As we draw to a close on what is likely to go down in history as the year the mortgage market started its recovery I thought I would review some of the key indicators that will affect our industry in the coming year.
Without funding there is no mortgage market and just as investors were the first to react to the market crash, they are also at the front of the queue now that the worst is over.
The Funding for Lending Scheme has done what it set out to do, in that it was designed to restart the wholesale markets. Just like stabilisers on a child’s bike which are designed to give confidence to go it alone I think the withdrawal of FLS will not cause too much disruption.
On the positive side savers are likely to see a small increase in rates as competition from lenders for retail deposits intensifies.
Many people believe that you need first-time buyers in order to create movement in the housing market and whether that is strictly true or not there is no doubt that they are fuelling a large proportion of the increased activity.
Since the Government put the housing market back on the political agenda and introduced FirstBuy and Help to Buy housing transactions and the number of new properties being built have increased noticeably.
Also, there is plenty of evidence that Help to Buy 2 has restarted the higher LTV market before it has even officially launched. That would be quite an achievement and it is much better that the market takes the credit risk rather than taxpayers and hopefully the amount set aside to guarantee mortgages will not be needed.
At the peak the number of houses being bought was in excess of £1.6m per annum in 2007, this dropped to just over 800,000 in 2009. Looking back, 2010 through to 2012 was broadly flat but 2013 has reacted well to improved domestic economic data and government stimulus.
September saw the highest number of residential property transactions since 2009 and at 92,900 transactions was only 8 per cent off the peak of the market in 2007. Based on the data we should expect that property transactions will exceed £1m in 2014.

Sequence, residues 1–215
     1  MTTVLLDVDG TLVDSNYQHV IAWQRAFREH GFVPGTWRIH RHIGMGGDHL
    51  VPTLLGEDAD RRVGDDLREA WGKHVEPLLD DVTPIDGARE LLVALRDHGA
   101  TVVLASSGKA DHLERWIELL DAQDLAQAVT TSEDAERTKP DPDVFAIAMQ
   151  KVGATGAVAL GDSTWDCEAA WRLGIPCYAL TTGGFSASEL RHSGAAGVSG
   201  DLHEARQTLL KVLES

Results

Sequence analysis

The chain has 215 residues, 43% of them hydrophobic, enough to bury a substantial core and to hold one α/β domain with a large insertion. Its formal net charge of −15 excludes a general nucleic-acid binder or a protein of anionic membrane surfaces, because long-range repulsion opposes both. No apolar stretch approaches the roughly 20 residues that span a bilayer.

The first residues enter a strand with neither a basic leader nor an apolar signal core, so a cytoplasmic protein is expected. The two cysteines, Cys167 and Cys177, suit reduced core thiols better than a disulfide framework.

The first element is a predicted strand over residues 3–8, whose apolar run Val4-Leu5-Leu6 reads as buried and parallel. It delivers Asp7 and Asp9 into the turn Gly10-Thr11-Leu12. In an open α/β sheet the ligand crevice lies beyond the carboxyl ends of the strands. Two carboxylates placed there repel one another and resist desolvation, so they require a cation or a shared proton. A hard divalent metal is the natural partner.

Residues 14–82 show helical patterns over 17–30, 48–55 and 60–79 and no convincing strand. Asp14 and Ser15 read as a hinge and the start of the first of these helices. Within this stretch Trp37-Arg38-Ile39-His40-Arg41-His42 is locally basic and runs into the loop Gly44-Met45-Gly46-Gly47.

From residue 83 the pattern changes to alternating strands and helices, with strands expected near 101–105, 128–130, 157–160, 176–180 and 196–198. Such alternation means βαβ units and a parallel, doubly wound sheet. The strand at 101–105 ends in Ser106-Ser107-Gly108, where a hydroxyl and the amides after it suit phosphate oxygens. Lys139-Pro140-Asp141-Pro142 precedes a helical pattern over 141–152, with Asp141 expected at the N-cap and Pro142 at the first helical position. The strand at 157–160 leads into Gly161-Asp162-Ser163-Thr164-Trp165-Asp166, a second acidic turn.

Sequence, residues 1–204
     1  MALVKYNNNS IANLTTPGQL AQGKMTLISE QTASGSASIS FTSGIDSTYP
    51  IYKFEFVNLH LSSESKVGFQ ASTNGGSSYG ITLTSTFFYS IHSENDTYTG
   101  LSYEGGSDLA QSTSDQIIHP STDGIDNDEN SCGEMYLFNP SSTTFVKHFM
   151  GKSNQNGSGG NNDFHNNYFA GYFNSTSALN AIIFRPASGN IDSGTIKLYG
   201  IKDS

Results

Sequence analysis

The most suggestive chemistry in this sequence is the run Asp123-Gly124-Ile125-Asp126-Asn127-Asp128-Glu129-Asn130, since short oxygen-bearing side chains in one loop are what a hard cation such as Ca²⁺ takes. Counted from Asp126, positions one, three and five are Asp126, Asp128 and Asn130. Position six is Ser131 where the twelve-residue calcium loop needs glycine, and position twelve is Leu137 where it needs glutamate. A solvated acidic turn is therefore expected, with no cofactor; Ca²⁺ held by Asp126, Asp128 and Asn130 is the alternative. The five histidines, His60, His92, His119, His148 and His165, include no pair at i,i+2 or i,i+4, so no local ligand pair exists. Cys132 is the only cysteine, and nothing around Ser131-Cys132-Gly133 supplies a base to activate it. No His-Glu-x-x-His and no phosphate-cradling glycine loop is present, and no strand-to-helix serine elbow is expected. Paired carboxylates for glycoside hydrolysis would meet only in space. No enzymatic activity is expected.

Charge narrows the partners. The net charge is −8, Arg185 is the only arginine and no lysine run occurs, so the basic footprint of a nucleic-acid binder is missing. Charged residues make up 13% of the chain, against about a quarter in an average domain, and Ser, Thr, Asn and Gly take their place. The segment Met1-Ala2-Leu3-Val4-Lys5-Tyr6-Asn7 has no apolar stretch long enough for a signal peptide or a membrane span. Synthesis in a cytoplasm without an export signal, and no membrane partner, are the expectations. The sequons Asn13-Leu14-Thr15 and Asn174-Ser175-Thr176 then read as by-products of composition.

Buy to let
Buy to Let mortgages have been a strong part of the mortgage market for over a decade and normally represents 15 per cent of gross lending.
In the downturn buy-to-let mortgage transactions were effected worse than mainstream mortgages but has staged a strong recovery over the last couple of years.
Likely to be around £20bn this year and 12 per cent of gross lending, but 2014 could well get back towards 15 per cent.
I would expect to see more completions from lenders in this segment next year as the hunt for better margins and strong credit risk management make this an attractive part of the market.
Some may refer to this market as a second charge and it was almost wiped out following the downturn but has staged a remarkable recovery in 2013.
More lenders, many with very strong funding see this as a natural growth hotspot.
FCA regulation will force brokers and lenders to consider secured loans as an integral part of financial planning.
Many borrowers will be better off taking a secured loan rather than remortgaging.
There are four lenders with low cost of funds driving down pricing in this market and rates are now at a much more affordable level at around the 5.45 per cent per annum mark.
In my opinion this market has too much hype and not enough substance.
This will get rectified over the next couple of years as lenders with low cost of funds make this a much more palatable option for brokers to recommend.
Gone are the days when lenders were getting away with charging 2 per cent per month. Rates now start at 0.65 per month and may go lower.
While some may say that the market has some way to go before it gets back to normal I would say that relatively speaking 2013 was a good year for the mortgage market. Remember, just like any other market the housing market runs in cycles.
In 2014 we should see the market build on this strong momentum and barring any global shocks will be a year to remember for all the right reasons.